Agriculture can attract bats to farms with pollen, nectar and wildflower
Bats can help agriculture
Bats are incredibly important to the ecosystem, as some plants depend on bats to pollinate their flowers or spread their seeds, and certain bats help get rid of pests by eating insects. In the UK, some bats are called ‘indicator species’ because any changes they show in the behavior reflects a noteworthy change in an environment’s biodiversity.
European bat species have been in decline due to a loss of feeding sites and roosts – where bats settle to rest during the day. In the UK, bat roosts are protected by legislation, but feeding sites are not. This makes European bat species in the UK vulnerable to land use change and agricultural activity, whether it be the use of fields for livestock grazing or the growing of crops.
Bat types in Britain: pipistrelle
The most common, and the smallest type of bat in Britain are the pipistrelles, comprising three species: the common, soprano and Nathusius’ pipistrelles. Recognisable with their reddish-brown tiny bodies and black-brown ears, pipistrelle bats are protected in the UK under the Wildlife and Countryside Act (1981) and by the European Habitats Directive.
These bats are sadly in decline, so it is important to understand what can be done in the natural environment to support their populations. Over a quarter of land in the UK is arable farmland, and agriculture in the United Kingdom uses nearly 70% of the country’s land area, so scientists are interested in how agriculture impacts bat feeding and roosting sites.
Agri-environment schemes aid bats
Agri-environment schemes have provided financial incentives to farmers and land-owners to put aside parts of their land to support biodiversity, enhance the landscape and improve the quality of the water, air and soil around. When farmland is left to nature, wildflowers and rich meadows can grow, which attract diverse wildlife like birds, insects and bats.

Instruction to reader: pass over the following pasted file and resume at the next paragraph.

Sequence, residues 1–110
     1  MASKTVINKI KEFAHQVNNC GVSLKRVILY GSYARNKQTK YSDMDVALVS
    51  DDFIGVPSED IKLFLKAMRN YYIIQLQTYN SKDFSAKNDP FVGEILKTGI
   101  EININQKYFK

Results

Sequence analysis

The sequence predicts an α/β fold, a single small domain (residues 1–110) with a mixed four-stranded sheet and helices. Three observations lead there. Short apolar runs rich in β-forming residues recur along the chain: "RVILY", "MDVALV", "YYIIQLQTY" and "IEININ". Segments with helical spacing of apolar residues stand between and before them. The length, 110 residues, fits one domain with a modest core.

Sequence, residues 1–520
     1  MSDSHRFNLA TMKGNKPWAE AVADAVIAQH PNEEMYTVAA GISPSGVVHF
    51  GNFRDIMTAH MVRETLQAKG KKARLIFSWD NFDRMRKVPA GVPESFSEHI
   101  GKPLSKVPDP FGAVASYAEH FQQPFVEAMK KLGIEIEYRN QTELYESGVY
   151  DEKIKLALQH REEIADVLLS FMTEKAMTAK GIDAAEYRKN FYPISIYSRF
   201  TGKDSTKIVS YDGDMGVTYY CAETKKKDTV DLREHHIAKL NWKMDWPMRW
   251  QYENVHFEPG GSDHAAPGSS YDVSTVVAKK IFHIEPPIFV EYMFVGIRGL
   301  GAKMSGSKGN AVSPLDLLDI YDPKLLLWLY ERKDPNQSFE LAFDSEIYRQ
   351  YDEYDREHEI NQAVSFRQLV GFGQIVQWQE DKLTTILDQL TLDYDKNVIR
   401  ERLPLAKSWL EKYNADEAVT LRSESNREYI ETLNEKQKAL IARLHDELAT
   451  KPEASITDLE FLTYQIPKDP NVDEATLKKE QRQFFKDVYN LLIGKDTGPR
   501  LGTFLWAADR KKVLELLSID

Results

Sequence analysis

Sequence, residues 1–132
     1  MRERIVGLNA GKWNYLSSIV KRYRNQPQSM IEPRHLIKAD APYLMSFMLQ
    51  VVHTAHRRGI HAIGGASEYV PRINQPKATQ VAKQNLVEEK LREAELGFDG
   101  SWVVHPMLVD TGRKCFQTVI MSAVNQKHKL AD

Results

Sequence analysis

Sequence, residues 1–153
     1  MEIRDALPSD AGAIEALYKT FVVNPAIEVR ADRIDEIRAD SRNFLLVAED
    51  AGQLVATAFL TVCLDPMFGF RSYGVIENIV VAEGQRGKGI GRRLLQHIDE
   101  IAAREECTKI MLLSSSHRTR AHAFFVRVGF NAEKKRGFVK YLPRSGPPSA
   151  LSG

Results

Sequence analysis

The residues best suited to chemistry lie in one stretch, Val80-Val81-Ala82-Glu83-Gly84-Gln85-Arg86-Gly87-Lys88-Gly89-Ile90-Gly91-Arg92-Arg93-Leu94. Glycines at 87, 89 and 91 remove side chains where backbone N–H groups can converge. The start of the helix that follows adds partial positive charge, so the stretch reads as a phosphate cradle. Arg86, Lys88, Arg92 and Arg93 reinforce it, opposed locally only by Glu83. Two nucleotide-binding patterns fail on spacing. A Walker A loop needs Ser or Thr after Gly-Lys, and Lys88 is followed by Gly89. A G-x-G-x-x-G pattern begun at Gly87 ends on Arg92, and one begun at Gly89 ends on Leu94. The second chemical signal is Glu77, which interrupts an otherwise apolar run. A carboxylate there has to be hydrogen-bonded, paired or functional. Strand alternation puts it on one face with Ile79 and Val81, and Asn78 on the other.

Scientific research of bat population on farms
In a 2018 study by McHugh et al published in Aspects of Applied Biology, researchers realized the importance of agri-environment schemes in providing foraging habitats for pipistrelle bats. Specifically, the scientists were interested to find out which agri-environment management option had the greatest effect on the activity of the UK’s three pipistrelle species. To find out, they surveyed pipistrelle activity at 15 farms across Hampshire and Dorset having at least three of the following: grass margins, wildflower margins, wild bird seed mixture plots, pollen and nectar plots.
The team used bat detectors to record the presence of bat echolocation calls, which told the scientists how many were there, and about their behaviour. Detectors were placed along 48 field boundaries and acoustic sampling took place at each location on three consecutive nights, providing 144 nights of pipistrelle recordings. The recordings were sampled using software and data was later analysed through computer models.
After 144 nights of data collection, 7213 bat recordings were produced. After filtering, 1152 recordings were omitted, and the remaining 4548 identified common pipistrelle, 521 as soprano pipistrelle and 73 as Nathusius’ pipistrelle.
Variety key to the success of bat species
The fields with pollen, nectar and wildflower margins showed more activity from the common and soprano pipistrelles, which were not just used as commuting corridors. By contrast, these grass margins were not favoured by the Nathusius’ pipistrelles who preferred wooded shelter belts, and to be near chironomids – a type of non-biting midge they commonly prey on.
How to attract bats to farms
As shown in this study, we can see that a variety of habitats are needed under the agri-environment scheme to allow different species of pipistrelle bats to settle, roost and feed safely. So far, agri-environment scheme managers have mainly focused on the benefits to birds, insects and plants. Researchers emphasise it is also important to consider how pipistrelle bats benefit from the enhanced biodiversity resulting from these schemes, particularly where there is more insect prey available.
Photo credit: https://www.flickr.com/photos/erwinb/3083711687